Seam Framework: http://www.amazon.com/exec/obidos/ASIN/0137129394/mobileenterpr-20/
Ringful: http://www.ringful.com/
Pavlin Mihalev
Greenhorn

Joined: Apr 29, 2003
Posts: 28
It seems that Wi-Fi is "happening" more quickly than 3G. Very soon there will be enough hotspots even on the road, so all you'll have to do is to drive to the next McDon. or the next gaz station to connect your laptop.
On other hand 3G is a data bearer as well, so why not plug a GPRS/HSCD/WLAN card modem in the laptop and stay connected everywhere.
The main advantage of a j2me device is that it's connected, but with Wi-Fi that's no more the same situation.
[ January 07, 2004: Message edited by: Pavlin Mihalev ]
serge masse
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Joined: Jul 23, 2003
Posts: 102
J2ME has many advantages for mobility over J2SE. Yes J2SE applications can be more mobile today because they can use Wi-Fi but there are very few J2SE laptop applications today. Non-J2ME Java applications are mostly on the server side.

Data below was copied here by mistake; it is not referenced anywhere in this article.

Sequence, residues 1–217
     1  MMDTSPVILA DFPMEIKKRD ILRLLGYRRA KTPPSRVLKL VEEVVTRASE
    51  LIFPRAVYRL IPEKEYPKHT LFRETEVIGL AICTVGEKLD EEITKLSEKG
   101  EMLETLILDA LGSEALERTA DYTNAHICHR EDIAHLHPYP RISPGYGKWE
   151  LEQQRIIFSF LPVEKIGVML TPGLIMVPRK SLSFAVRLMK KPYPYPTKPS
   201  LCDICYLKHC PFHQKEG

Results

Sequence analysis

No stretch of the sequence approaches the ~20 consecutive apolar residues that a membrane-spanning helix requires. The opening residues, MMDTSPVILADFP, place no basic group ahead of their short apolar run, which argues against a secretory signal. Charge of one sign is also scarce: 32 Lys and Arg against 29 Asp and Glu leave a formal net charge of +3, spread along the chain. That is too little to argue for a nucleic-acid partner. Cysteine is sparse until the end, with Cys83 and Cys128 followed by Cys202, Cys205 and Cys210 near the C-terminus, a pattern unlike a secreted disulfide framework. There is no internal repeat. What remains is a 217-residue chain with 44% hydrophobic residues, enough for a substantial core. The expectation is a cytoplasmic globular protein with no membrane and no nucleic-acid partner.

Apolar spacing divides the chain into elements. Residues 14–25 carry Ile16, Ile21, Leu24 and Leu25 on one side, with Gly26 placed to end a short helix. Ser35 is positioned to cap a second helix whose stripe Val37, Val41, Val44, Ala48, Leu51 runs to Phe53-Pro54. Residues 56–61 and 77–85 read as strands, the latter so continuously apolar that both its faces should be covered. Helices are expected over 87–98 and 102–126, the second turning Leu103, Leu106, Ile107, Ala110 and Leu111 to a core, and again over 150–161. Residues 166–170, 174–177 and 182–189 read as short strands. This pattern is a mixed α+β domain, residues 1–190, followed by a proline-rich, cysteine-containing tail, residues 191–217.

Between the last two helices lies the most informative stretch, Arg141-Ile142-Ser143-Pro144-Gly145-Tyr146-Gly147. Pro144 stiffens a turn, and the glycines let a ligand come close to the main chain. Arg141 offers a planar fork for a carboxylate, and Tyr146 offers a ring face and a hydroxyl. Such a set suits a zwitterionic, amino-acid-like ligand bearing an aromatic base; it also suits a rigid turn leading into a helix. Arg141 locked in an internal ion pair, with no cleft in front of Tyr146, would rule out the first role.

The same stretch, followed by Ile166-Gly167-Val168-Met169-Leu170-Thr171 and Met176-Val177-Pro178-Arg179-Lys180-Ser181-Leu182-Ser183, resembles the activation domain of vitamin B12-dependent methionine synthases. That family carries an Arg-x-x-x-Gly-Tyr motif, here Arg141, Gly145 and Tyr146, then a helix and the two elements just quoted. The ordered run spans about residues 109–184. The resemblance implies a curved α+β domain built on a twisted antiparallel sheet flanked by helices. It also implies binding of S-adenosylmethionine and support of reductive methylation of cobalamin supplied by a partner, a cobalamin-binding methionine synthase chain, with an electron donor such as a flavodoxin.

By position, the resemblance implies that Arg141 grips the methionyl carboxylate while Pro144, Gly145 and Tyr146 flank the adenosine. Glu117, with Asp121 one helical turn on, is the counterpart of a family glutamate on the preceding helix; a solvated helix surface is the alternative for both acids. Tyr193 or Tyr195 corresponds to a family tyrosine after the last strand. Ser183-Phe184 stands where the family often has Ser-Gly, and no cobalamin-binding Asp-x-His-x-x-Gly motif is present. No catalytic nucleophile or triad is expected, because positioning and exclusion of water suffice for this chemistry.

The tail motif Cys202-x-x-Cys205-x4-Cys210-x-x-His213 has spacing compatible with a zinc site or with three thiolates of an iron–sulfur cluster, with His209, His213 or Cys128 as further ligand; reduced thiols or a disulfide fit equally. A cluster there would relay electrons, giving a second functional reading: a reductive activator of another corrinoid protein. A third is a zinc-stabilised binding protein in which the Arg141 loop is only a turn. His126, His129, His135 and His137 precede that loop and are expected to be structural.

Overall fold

As the J2ME mobile devices are selling much faster than laptops, the Java world is booming in two areas: J2ME and J2SE/J2EE on the servers. And obviously, the quantity of J2ME devices is now much larger than non-J2ME Java platforms.
So, we can say that J2ME is much more *successful* than other Java environments.
Furthurmore, this will accelerate over the next few years at least, as J2ME has serious advantages for the end-user over the other Java environments. For example, with a MIDP2 device the end user can download and install a new application over-the-air (OTA), something which is harder to do in J2SE even with Wi-Fi.
And on top of that, OTA is part of the specs, so developers of MIDP2 applications don't have to write any code for their application to get that feature.
This is not a complete list of J2ME/MIDP2 advantages but it highlights the current trend.